You are meeting the person or interacting with that girl for the first time. Soon, a standard question arises that, according to experts, is capable of ending any interaction, in addition to issuing a negative value judgment in relation to your person. Want to know which dangerous question you should never ask again in the first place?
What do you do for a living?
It’s simple, looks very harmless and you’ve probably used it many times. We usually use it at first, as a way of acquiring information from the other person to try to create a bridge for a dialogue. But within it is a message of wanting to associate who we are with what we do.
According to Elizabeth Spiers, former editor-in-chief of the New York Observer, “What do you do?” or “What do you work with?” is one of the most complex questions one can ask. This is because within it are several implicit questions, such as “How much do you earn?”, “Is your work significant?” and “Do we have something in common?”.
If you find people who are proud of their job and the company they work for, you will have no problem. On the contrary, it can even be a positive factor to connect a conversation where the person explains about their prestigious role or company.
The big problem is in those who don’t have that feeling (or most people). This creates a major barrier to possible conversation and interaction.
“There is a kind of leakage in the institutional affiliation of the person, or in some job positions. But what do all these things really say about who we are? There is a danger in our personal identity being embedded in our work, yet work consumes everything we do,” Spiers wrote in a Medium post.
In our current success-oriented culture, many people believe that personal identity and work are inseparable. The reality is that in rare cases we are what we act professionally.
Not even if you are working on your ‘dream job’ or setting up the company with your face, you will have to live with routines and functions that have little identification.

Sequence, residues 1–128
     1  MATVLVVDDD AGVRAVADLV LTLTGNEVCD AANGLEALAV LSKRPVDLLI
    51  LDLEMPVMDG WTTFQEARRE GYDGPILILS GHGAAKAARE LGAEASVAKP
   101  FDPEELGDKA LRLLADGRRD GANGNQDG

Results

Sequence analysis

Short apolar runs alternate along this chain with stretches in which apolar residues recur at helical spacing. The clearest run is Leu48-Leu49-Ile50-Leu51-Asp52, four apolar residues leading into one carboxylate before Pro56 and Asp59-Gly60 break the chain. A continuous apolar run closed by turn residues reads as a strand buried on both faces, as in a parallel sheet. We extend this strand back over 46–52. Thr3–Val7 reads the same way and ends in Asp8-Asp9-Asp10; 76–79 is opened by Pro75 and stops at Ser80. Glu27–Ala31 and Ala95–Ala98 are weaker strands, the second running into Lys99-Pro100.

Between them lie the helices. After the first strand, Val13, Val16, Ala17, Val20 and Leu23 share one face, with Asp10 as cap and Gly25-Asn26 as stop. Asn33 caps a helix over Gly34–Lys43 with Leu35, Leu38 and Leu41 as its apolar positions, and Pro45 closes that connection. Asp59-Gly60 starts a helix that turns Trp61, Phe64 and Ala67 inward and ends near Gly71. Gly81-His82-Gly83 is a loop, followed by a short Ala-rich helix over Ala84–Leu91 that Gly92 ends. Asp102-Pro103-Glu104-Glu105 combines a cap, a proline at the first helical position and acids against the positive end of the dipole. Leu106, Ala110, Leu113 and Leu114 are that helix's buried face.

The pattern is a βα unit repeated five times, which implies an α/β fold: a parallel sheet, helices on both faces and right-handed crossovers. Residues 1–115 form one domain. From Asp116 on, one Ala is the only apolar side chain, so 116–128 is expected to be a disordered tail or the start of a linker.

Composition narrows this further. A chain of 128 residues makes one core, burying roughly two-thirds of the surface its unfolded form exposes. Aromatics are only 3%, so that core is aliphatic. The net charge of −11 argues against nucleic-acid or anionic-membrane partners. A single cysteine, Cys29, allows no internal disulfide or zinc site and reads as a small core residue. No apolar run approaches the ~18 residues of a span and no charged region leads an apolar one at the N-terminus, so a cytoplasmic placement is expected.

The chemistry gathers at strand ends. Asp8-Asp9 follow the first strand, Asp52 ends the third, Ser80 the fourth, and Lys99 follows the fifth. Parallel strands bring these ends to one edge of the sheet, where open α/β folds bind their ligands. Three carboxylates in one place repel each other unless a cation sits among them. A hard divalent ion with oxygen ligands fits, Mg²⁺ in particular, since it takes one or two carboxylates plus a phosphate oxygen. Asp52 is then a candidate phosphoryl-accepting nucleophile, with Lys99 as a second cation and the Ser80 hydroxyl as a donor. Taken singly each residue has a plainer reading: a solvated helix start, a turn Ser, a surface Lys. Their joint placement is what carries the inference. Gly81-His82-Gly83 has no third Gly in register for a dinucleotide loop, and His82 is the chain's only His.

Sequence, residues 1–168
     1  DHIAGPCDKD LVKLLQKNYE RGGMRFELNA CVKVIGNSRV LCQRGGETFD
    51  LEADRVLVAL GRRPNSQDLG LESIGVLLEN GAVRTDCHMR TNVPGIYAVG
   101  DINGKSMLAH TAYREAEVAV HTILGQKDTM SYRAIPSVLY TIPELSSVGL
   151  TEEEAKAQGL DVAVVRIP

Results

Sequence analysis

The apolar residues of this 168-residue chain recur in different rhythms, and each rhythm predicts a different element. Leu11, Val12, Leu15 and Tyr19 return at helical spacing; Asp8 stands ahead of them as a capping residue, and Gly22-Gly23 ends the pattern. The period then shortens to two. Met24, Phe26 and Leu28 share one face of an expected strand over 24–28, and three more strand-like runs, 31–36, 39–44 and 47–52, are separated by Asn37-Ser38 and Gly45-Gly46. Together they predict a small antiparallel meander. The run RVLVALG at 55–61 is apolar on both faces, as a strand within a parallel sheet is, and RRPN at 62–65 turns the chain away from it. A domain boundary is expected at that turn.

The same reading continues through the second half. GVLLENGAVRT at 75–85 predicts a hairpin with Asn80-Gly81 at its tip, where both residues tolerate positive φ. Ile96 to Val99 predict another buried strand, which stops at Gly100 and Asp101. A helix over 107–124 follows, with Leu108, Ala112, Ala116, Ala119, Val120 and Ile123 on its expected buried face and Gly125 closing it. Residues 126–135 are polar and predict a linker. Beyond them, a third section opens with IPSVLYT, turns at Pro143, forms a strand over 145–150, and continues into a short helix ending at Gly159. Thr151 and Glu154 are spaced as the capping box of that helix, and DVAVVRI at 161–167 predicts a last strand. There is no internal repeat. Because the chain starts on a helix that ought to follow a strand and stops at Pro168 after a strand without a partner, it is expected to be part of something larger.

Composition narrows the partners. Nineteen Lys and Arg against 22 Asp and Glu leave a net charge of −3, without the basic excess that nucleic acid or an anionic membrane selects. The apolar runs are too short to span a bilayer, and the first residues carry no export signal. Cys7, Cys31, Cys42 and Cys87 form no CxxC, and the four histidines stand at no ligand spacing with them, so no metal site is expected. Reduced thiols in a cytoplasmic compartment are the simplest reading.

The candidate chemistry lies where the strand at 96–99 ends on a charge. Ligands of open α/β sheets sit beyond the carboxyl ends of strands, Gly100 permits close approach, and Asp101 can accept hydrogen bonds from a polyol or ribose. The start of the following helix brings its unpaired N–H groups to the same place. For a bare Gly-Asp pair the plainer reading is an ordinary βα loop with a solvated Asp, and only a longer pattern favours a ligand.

Of course, it’s much better when the work becomes a reflection of your identity. But, it is very risky to build pillars in your career this way, because from the moment that job no longer works, the feeling of emptiness will dominate you. Then, you will leave in search of another job to fulfill that personal value.
“When I left my job, I was devastated. I just couldn’t pull myself together and move on,” Erin Callan, former CEO of brokerage Lehman Brothers, wrote in a column in the New York Times. “I didn’t know how to distinguish my value as a person from the work I did. What I did was who I was.”
“When I stopped to think about why I was resisting that decision so much, I realized something about myself that I didn’t like, something I’m even ashamed to admit now. The main reason I was reluctant to leave was that I would be giving up the security and prestige associated with being a Google employee. Upon further reflection, I realized that external recognition had unfortunately become my biggest motivation.” Reveals Ellen Huerta in the text published on HuffPost ‘Why I left Google’.
the cheese of the problem
The point is not to ask what the person does or to explain about our own professional experience, but to transform the person’s response into a primordial attribute of his character and identity. Starting a conversation with a stranger by asking “what do you do?” it can be a sure way of not establishing an authentic connection with that person.
There are people who love their work and feel totally fulfilled in their career. Others have work as an occupation to find money to pay bills and do other activities that allow them to achieve personal fulfillment. And there are still those people who didn’t have the financial conditions or opportunities to work in something they consider significant and aggregating for themselves.
As you can see, our career does not always reflect the complexity of who we are.
So you ask me: how should I start a conversation. Below are some of the thousands of ways to approach someone in an interesting way:
– Give a compliment
– Tell a funny story
– Address any embarrassing or curious aspect of the situation they are in
– Use something that is happening at the moment as a theme for a common subject (musical style, environment in which they are inserted, type of food, drink, etc).